The North Yorkshire Moors is an incredible destination for those who like to walk on the wild side and embrace the great outdoors. The heather-clad moorland makes for a stunning backdrop and the rugged beauty just makes you want to keep on walking and exploring more of the Moors. This really is one of the UK‘s most breathtaking national parks. Ready for a bracing wilderness escape? Here are some of the best walks in the Yorkshire Moors.
7 Scenic Walks in the Yorkshire Moors
1. May Beck to Falling Foss
If you are looking for a magical woodland walk, this is it. This 2-mile (3.2km) looped route passes a serene woodland tea garden and the 30-foot (9-metre) Falling Foss waterfall. The return part of the journey follows the babbling May Beck. We love this walk in the autumn when the woodland colours are most resplendent. It is also a super walk in the summer as you can cool off in the shallow waters.
2. Forge Valley Woods
If you are looking for a gentle walk with easy access, then try this 2-mile (3.2km) route as it follows a fairly level, wooden boardwalk for its entire length. There are also plenty of passing places, which double up as viewing platforms and lots of seats along the way. Begin your walk at Old Man’s Mouth car park and picnic area, 1½ miles (2.4km) north of East Ayton. This enchanted woodland walk is full of colour and wildlife and wonderful aromas of wild garlic and wood anemone in Spring. In fact, the Forge Valley is a National Nature Reserve because of its abundance of wildlife.
3. Esk Valley Walk
The Esk Valley Walk follows the River Esk from its source high on the North York Moors to the coast at Whitby. This walk takes you through The Esk Valley, which has to be one of the most beautiful valleys in England. The 37-mile (60km) route takes roughly three to four days to complete. However, if you haven’t got the energy or time, you can split the route into shorter sections. The circular walk from Castleton is rather lovely.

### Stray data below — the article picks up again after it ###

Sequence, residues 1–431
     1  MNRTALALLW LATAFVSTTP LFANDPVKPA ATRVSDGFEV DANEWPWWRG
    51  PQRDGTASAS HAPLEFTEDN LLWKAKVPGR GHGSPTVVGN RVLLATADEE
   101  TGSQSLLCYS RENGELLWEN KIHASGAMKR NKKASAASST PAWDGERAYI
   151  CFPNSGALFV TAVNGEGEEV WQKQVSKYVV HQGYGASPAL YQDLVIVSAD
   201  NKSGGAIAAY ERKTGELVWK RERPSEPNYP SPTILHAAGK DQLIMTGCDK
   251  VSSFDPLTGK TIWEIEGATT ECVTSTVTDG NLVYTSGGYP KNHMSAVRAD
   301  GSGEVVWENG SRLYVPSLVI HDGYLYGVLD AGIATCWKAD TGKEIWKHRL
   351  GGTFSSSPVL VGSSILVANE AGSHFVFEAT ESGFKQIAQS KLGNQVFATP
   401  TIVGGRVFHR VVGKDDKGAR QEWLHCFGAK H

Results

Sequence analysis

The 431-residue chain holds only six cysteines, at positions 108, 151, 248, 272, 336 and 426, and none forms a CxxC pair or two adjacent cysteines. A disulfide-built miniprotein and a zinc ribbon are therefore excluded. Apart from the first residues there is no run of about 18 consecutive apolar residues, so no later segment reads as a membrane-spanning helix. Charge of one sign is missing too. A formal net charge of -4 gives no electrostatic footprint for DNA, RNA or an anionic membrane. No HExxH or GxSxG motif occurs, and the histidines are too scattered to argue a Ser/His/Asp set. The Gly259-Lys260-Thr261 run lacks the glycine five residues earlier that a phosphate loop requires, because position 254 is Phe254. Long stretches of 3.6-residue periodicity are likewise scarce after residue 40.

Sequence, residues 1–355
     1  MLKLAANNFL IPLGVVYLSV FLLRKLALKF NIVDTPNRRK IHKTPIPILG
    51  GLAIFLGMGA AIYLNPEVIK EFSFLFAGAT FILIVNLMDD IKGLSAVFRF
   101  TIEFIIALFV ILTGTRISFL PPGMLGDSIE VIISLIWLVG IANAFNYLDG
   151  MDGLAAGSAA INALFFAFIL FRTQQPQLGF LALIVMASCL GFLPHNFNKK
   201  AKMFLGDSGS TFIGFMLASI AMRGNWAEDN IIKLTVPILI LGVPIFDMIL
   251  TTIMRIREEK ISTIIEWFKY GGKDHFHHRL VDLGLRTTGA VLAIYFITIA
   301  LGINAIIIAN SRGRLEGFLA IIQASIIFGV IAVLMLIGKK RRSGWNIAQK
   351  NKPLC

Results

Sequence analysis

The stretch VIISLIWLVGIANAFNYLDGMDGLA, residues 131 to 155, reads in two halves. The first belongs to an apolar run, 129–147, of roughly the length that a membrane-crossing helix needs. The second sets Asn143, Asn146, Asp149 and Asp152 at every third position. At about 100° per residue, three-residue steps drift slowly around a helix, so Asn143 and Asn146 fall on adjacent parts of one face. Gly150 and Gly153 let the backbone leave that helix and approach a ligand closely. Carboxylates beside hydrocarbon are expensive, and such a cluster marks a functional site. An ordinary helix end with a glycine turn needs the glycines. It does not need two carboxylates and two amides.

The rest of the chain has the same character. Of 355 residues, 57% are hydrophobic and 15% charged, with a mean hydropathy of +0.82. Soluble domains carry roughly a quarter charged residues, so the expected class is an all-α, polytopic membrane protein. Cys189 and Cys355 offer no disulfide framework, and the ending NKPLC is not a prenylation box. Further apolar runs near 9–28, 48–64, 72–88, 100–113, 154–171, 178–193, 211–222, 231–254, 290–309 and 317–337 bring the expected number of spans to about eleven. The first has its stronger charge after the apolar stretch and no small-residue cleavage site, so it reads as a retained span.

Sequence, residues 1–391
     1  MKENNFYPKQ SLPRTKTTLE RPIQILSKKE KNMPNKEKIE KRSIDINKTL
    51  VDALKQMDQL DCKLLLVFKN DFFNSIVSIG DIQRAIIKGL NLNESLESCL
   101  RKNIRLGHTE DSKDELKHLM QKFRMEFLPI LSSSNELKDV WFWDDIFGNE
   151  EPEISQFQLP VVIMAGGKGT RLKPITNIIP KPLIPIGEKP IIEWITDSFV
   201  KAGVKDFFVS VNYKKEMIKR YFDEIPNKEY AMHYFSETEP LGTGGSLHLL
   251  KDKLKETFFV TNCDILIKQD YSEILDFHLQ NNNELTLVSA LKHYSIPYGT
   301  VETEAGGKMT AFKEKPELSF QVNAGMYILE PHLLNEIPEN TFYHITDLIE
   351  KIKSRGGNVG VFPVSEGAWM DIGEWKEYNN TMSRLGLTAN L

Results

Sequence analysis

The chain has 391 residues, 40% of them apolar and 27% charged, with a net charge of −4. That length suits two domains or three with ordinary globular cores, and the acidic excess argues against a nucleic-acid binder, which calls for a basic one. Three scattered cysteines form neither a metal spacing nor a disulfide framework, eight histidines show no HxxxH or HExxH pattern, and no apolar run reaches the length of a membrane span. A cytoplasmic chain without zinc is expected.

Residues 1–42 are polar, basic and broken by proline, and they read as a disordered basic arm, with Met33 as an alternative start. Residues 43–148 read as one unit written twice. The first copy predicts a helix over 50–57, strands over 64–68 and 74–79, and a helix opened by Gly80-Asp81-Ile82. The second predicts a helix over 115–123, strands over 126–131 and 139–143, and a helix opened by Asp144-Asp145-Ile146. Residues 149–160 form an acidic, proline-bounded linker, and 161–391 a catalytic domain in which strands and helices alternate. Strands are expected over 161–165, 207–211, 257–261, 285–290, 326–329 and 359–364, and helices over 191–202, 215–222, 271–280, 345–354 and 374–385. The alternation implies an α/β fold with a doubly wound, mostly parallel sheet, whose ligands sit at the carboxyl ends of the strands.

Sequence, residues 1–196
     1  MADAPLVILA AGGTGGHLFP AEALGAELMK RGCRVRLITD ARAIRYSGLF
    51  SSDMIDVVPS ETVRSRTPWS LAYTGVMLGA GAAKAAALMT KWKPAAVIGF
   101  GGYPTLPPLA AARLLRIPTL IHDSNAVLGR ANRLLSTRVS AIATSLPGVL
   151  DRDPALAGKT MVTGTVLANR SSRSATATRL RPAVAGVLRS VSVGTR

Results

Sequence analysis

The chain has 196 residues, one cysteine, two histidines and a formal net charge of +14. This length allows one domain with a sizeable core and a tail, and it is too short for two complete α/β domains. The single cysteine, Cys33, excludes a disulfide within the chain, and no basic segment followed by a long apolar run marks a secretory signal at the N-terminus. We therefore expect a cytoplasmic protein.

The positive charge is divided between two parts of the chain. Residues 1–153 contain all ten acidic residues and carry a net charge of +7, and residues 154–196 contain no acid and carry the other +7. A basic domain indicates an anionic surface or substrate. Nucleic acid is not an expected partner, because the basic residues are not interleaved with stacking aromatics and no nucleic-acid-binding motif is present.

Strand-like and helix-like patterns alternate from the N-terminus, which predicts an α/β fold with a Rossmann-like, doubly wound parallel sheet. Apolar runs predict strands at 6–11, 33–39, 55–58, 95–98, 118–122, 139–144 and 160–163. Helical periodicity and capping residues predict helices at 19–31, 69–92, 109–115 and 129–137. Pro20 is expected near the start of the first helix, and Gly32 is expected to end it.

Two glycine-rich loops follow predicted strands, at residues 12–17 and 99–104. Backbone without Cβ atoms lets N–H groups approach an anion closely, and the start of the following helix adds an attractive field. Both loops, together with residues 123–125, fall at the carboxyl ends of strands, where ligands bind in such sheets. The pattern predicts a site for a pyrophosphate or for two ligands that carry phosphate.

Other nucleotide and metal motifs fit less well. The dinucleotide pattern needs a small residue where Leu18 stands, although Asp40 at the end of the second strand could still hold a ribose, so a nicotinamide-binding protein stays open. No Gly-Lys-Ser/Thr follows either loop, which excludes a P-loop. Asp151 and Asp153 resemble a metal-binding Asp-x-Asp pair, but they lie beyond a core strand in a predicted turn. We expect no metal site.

4. Ravenscar to Robin Hoods Bay
On this walk, you’ll enjoy amazing views of two very different landscapes of the North Yorkshire Moors National Park. You’ll see the sweeping heather-clad moorland as well as the wild Ravenscar coastline. Begin your ramble at the Ravenscar National Trust Coastal Centre and tramp across Howdale Moor before making your way down to the old Scarborough-to-Whitby railway line. From here, walk to the infamous smugglers’ haunt of Robin Hood’s Bay. For the return journey, follow the cliff-top walk which is part of the Cleveland Way National Trail. The sea views are simply breathtaking.
5. The Cleveland Way National Trail
Speaking of the Cleveland Way National Trail, this is also one of the most scenic walks in the Yorkshire Moors. The 109mile (175km) trek starts in the town of Helmsley, then crosses the wild moorland before reaching the coast at Saltburn-by-the-Sea. You continue following the North Yorkshire coastline to Filey, a seaside town in North Yorkshire. Taking around 9 days to complete, you’ll experience the romantic and ever-changing landscape for which the North York Moors National Park is famed. We highly recommend planning to do this walk in late August and early September when the heather is in full bloom. It’s a spectacular sight.
6. Sutton Bank
Sutton Bank is a hill in the Hambleton District of the North York Moors National Park. On this five-hour 8.3-mile (13.4km) ramble you’ll experience magnificent views, a white horse and a hidden lake. This looped woodland walk starts at the Sutton Bank National Park Centre Visitor’s Centre and not long after you leave the car park, you’ll find what has been dubbed ‘England’s Finest View’. Before you unfold the lush vale of York and Mowbray with the brooding Pennine mountains in the background. You’ll also get a great view of the White Horse at Kilburn which is carved into the limestone hillside.
7. Rievaulx Abbey
For a hike with a helping of history, follow the route from the market town of Helmsley in the North York Moors National Park to Rievaulx Abbey. Founded in 1132, Rievaulx Abbey was the first Cistercian abbey to be established in the north of England and is one of the most important monastic centres in Britain. The 6.5-mile (10.6km) route should take you about three and a half hours to complete. On the walk, you’ll pass by ruins, woodlands and rivers before reaching the atmospheric abbey ruins. This is a very serene and scenic walk and ideal if you are looking for some peace and quiet.